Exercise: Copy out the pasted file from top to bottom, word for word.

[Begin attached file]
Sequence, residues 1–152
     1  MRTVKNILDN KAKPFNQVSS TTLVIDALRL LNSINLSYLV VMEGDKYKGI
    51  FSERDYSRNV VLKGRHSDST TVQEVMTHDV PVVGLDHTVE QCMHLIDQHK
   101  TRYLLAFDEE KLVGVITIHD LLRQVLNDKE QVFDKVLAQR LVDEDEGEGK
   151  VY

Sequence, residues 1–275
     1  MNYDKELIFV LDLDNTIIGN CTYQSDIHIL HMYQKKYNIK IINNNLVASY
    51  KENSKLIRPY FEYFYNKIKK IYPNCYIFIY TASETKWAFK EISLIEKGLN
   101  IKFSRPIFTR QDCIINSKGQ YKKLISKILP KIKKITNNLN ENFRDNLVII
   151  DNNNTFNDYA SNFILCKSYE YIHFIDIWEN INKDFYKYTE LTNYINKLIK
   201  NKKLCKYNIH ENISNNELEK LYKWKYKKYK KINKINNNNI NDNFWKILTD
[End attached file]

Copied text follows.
Sequence, residues 1–152
     1  MRTVKNILDN KAKPFNQVSS TTLVIDALRL LNSINLSYLV VMEGDKYKGI
    51  FSERDYSRNV VLKGRHSDST TVQEVMTHDV PVVGLDHTVE QCMHLIDQHK
   101  TRYLLAFDEE KLVGVITIHD LLRQVLNDKE QVFDKVLAQR LVDEDEGEGK
   151  VY

Sequence, residues 1–275
     1  MNYDKELIFV LDLDNTIIGN CTYQSDIHIL HMYQKKYNIK IINNNLVASY
    51  KENSKLIRPY FEYFYNKIKK IYPNCYIFIY TASETKWAFK EISLIEKGLN
   101  IKFSRPIFTR QDCIINSKGQ YKKLISKILP KIKKITNNLN ENFRDNLVII
   151  DNNNTFNDYA SNFILCKSYE YIHFIDIWEN INKDFYKYTE LTNYINKLIK
   201  NKKLCKYNIH ENISNNELEK LYKWKYKKYK KINKINNNNI NDNFWKILTD